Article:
There are many ways to think about mixing paint, and knowing more than one is useful. I might even go so far as to say it's necessary to have multiple mental approaches to mixing paint, and have the ability to switch between them as the situation calls for it. However, here's a good method to get started:
- Choose two colors that "bracket" the hue you are trying to hit- meaning, they are on either side of the hue on the hue wheel. Occasionally one color will hit the hue exactly, but chances are it will lie between two.
- Use white to raise both of these colors to the value you're trying to hit.
- Mix the two lightened mixtures together until they match the hue you are trying to hit more precisely.
- If the chroma (better word for saturation when painting) is too high, mix black and white together to the value of the mixture.
- Use this gray mixture to bring the chroma down to the chroma you're trying to hit.
The basic idea is- start with an approximation of the hue, then match value, then match hue more precisely, then match chroma.
Of course, there are complications to this method. The biggest one is that, as written, the hue will likely shift towards blue-purple as you mix if you're using Ivory Black and Titanium white, so you would need to learn to compensate for that. One way is to choose the initial colors slightly shifted away from blue. Another way is to use a more neutral black and white- for example, Cremnitz white and certain brands of Mars black will shift the hues less significantly. You can also use a pre-mixed neutral of black, white, and brown. Note than none of these are foolproof, but they will get you closer. In the end you still need to rely on your own judgment rather than leaving it to the system.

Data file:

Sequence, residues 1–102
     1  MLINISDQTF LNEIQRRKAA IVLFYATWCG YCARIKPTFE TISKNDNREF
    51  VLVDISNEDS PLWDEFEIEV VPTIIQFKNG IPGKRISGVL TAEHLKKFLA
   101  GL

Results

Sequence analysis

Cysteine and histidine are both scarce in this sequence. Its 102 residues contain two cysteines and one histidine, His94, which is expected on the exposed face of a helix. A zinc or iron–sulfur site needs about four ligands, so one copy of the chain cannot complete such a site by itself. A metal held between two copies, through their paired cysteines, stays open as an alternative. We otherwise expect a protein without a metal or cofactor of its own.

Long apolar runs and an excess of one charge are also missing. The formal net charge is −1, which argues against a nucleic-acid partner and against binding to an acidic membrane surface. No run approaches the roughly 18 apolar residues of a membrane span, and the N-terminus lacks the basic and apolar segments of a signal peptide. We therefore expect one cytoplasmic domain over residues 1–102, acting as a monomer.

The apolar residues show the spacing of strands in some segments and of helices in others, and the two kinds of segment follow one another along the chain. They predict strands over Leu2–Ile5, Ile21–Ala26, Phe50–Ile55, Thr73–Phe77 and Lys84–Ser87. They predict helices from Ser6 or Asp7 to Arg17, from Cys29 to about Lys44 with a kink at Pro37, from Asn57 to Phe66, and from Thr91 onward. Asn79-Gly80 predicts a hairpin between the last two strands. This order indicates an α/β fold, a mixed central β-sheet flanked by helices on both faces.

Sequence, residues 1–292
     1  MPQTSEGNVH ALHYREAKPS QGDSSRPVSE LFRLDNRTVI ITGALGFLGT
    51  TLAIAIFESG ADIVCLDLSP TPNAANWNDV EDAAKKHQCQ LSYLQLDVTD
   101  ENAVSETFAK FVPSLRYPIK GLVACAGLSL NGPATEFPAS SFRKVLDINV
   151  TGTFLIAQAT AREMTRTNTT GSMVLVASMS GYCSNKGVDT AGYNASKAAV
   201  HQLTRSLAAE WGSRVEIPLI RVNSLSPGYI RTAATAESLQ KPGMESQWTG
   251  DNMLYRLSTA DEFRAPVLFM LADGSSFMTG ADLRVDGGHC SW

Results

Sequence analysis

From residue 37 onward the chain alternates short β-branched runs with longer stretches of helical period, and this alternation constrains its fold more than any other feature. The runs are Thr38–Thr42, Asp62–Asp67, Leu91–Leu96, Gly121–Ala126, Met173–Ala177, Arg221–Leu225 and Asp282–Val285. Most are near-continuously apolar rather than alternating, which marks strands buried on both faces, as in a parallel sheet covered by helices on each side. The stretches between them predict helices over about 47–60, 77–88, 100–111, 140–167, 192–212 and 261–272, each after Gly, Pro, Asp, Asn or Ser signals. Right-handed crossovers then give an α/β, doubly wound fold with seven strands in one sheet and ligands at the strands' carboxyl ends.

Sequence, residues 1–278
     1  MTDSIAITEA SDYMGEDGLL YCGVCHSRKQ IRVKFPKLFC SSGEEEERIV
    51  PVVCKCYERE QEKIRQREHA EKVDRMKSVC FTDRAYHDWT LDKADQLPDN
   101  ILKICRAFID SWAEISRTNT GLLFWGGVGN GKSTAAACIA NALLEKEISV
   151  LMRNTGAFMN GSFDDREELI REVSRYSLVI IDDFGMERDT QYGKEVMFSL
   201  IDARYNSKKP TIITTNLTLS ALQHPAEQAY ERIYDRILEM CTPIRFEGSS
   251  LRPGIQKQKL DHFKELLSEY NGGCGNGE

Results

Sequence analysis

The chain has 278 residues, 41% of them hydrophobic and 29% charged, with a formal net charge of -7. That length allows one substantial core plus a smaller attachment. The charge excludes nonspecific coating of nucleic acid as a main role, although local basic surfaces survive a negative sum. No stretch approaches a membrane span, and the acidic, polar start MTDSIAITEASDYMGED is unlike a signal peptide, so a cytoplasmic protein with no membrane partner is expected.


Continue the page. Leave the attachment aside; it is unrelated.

You also need to use some judgment about the chromas of the initial colors you choose- they need to be at least slightly higher in chroma than the color you're trying to hit.
This method can also be a bit slow when painting from the model. As you get used to it, there are lots of shortcuts you can take, or you can use a different method altogether. A few shortcuts:
- Premix neutrals from black to white in equal steps, which saves time for steps 4 & 5 and also give you "targets" to match the colors to.
- Also premix the colors to the same values, which saves time in steps 1 & 2.
- Be less rigid about the order
- Adjust chroma by choosing initial colors that are further away from each other on the hue wheel (this can be unpredictable, but with experience you can learn to control this).
- Supplement this method with another method of mixing color.
It's not a magic bullet, but it's a good starting point. It's especially useful if you're used to thinking in HSB on the computer.
I highly recommend http://huevaluechroma.com, a site put together by David Briggs, who teaches out in Australia. It can read like rocket science, but it's good to read and then re-read as you work more. If you do that, more and more of the complicated stuff will make sense. There's a lot of misinformation about color out there, but huevaluechroma.com is all solid, and refreshingly free of bias.